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Syria: A follow up visit to 4 villages in North East Syria

Updated: Jul 24, 2019

In the beginning of this month, April 2019, our team in Syria conducted a follow up field visit to 4 villages around Amuda (located in Hasakah governorate, Syria) to assess the outcomes of one of Mercy Hands' agricultural projects.

The project was about increasing livelihood opportunities and food security for small and medium sized farmers and vulnerable women. In September 2018, Mercy Hands team in Syria assessed 12 villages around Amuda from which Mercy Hands selected 4 villages for the implementation of the project, these are Johariya, Khareze Foqani, Khareze Tahtani, and Sunjuq Khalil. For the next 5 months, the project's team implemented the following activities in the 4 villages:

  1. Drilled 12 water wells and installed pumps and generators in 12 farms, then provided agriculture training to the owners of these farms. After the training, the 12 farmers received an agriculture basket that was tailored and designed according to their needs and demands to help them implement the new aspects they learned during the training sessions. The basket included a generous package of a variety of seeds enough to cover their needs for two seasons and a plastic tunnel to help them in implementing the concept-protected agriculture.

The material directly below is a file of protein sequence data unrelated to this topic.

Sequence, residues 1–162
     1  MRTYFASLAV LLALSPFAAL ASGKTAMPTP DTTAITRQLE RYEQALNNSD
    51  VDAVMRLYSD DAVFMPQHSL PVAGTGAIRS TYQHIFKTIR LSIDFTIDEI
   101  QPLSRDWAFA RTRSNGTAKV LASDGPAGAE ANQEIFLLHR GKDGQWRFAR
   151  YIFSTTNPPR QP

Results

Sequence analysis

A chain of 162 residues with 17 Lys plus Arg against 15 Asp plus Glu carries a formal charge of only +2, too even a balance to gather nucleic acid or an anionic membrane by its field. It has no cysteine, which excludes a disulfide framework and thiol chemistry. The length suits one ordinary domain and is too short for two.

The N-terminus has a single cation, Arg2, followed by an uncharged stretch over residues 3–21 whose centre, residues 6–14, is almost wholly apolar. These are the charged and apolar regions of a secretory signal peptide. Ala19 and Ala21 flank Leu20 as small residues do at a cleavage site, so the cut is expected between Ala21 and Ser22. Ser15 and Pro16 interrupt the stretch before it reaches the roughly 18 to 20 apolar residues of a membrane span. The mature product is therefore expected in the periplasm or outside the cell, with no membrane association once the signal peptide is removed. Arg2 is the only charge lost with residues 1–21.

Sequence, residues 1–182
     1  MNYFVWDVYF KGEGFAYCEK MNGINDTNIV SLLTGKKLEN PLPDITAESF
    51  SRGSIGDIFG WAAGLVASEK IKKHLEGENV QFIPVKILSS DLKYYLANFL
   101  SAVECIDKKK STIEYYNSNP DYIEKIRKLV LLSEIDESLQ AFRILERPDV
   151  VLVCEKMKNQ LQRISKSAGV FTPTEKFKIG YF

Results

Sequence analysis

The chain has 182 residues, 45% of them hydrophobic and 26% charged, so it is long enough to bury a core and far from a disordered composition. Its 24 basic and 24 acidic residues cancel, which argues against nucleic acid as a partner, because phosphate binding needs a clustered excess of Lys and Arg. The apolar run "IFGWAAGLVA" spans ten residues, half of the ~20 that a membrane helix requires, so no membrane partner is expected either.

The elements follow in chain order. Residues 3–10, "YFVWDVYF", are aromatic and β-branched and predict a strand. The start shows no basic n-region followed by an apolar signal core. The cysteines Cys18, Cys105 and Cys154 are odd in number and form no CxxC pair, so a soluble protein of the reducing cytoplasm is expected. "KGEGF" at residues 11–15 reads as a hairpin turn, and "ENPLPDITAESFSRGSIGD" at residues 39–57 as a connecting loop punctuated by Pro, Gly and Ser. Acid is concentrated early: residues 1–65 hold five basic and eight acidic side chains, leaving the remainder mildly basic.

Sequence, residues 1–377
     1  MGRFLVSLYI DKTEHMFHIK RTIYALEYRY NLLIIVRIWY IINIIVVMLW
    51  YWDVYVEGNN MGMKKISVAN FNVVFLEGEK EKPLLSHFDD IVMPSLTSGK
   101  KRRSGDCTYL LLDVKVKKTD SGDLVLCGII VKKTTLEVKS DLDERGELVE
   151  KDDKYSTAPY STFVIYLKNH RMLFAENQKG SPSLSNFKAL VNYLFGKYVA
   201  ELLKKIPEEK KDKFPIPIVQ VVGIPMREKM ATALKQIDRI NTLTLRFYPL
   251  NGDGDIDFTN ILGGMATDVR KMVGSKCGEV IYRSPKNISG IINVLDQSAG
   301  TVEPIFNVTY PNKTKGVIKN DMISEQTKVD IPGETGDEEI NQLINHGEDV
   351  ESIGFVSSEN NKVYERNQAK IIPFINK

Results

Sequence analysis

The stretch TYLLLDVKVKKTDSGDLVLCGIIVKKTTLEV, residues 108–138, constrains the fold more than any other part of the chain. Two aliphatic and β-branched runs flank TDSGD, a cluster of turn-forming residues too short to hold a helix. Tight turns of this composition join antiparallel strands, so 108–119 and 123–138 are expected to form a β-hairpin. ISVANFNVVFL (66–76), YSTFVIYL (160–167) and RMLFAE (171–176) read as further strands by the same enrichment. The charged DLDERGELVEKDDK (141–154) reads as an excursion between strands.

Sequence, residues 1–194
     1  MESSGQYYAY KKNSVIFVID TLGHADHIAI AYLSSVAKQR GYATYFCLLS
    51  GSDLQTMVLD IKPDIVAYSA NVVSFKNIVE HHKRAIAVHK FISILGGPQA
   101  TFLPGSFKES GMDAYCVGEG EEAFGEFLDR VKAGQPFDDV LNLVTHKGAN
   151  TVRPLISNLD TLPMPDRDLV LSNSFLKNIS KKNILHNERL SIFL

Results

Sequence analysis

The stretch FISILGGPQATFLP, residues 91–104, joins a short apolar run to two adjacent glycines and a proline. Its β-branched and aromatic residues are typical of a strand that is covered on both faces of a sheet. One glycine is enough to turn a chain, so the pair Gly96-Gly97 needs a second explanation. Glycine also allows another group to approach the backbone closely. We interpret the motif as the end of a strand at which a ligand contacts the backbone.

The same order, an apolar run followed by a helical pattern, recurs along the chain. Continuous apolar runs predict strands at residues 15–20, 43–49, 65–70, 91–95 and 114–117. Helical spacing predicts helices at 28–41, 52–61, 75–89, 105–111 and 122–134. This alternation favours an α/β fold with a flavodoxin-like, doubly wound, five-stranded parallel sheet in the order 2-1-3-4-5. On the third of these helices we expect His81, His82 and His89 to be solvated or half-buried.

2. Trained 100 women on horticultural farming and then provided each one of the 100 women with agricultural inputs.

Mercy Hands team in Syria went back to the 4 villages to see the impact the project has had on the beneficiaries, primarily the 12 farmers and 100 women. All 12 water wells were functioning and well maintained. The farmers said that their farms benefited from the heavy rain this year, but still the water wells and their training will definitely help them. The trained women were also doing good and they were so proud to show us how their seeds have grown into beautiful gardens and how they have applied the new horticultural farming knowledge into their gardens.

At the end of the visit, the farmers and women had the same wish to receive more training on greenhouses and agribusiness.


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